Data_Sheet_1_Characterization of Spleen Transcriptome and Immunity Against Avian Colibacillosis After Immunization With Recombinant Attenuated Salmonella Vaccine Strains.PDF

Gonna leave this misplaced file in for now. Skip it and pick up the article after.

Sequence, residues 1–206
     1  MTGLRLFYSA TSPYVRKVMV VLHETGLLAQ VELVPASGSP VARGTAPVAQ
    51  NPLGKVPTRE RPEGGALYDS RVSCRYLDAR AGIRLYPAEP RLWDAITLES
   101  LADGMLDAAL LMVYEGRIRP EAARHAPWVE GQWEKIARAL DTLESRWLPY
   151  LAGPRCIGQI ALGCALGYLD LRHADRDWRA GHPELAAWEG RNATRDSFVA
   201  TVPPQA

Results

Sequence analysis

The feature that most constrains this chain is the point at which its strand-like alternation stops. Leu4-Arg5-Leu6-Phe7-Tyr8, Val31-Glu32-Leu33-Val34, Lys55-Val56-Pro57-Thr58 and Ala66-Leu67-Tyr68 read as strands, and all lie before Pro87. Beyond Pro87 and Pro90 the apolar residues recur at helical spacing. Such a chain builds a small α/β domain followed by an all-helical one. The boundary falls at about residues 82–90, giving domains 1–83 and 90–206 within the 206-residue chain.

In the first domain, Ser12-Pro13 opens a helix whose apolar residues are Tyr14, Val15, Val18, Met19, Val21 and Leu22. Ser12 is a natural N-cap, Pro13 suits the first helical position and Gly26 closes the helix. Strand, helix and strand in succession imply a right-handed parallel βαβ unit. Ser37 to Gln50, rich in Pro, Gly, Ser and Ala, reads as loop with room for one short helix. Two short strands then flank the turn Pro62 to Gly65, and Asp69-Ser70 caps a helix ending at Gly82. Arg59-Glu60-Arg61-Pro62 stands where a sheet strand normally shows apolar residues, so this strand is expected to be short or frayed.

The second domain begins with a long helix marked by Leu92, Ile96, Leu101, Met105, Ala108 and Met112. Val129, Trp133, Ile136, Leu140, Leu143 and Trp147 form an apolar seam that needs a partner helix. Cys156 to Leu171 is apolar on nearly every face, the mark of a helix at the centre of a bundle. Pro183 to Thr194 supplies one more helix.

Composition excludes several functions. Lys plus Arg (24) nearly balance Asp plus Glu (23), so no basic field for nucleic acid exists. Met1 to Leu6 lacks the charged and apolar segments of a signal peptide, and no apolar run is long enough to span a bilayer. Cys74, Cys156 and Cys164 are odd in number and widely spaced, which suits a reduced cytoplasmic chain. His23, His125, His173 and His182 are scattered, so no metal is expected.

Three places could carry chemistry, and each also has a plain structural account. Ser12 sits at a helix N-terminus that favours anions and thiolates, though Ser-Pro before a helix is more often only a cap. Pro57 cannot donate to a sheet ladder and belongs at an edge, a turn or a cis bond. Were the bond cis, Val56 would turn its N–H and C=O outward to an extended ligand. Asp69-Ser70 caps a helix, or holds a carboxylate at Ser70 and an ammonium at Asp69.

<p>Avian pathogenic Escherichia coli (APEC) causes extraintestinal infections in poultry. Vaccines targeting APEC in chickens have been partially successful, but many lack heterologous protection. Recombinant attenuated Salmonella vaccine (RASV) strains can induce broad immunity against Salmonella and be modified to deliver E. coli. antigens. Along with vaccine characteristics, understanding the host response is crucial for developing improved vaccines. The objectives of this study were to evaluate host responses to vaccination with an RASV producing E. coli. common pilus (ECP) and assess protection against APEC infection in chickens. Four-day-old White Leghorn chickens were unvaccinated or orally vaccinated and boosted 2 weeks later with RASV χ8025(pYA3337), RASV χ8025(pYA4428) carrying ecp operon genes, or a combination of χ8025(pYA3337) and χ8025(pYA4428) (Combo). To assess host responses, serum IgY and intestinal IgA antibody titers were measured, and spleen samples (n = 4/group) were collected from unvaccinated and Combo vaccinated 4-week-old chickens for RNA-seq. Vaccine protection potential against Salmonella and APEC was evaluated in vitro using bacterial inhibition assays. Five-week-old chickens were challenged via air sac with either an APEC O2 or O78 strain. E. coli. was enumerated from internal organs, and gross colibacillosis lesions were scored at necropsy. RASV immunized chickens elicited anti-E. coli antibodies. The spleen transcriptome revealed that 93% (89/96) of differentially expressed genes (DEG) were more highly expressed in Combo vaccinated compared to unvaccinated chickens, with signal as the most significantly impacted category. RNA-seq analysis also revealed altered cellular and metabolic processes, response to stimulus after vaccination, and immune system processes. Six DEG including genes linked to transcription regulation, actin cytoskeleton, and signaling were highly positively correlated with antibody levels. Samples from RASV immunized chickens showed protection potential against Salmonella strains using in vitro assays, but a variable response was found for APEC strains. After APEC challenges, significant differences were not detected for bacterial loads or gross lesions scores, but χ8025(pYA3337) immunized and χ8025(pYA4428) immunized chickens had significantly fewer number of APEC-O2-positive samples than unvaccinated chickens. This study shows that RASVs can prime the immune system for APEC infection, and is a first step toward developing improved therapeutics for APEC infections in chickens.</p>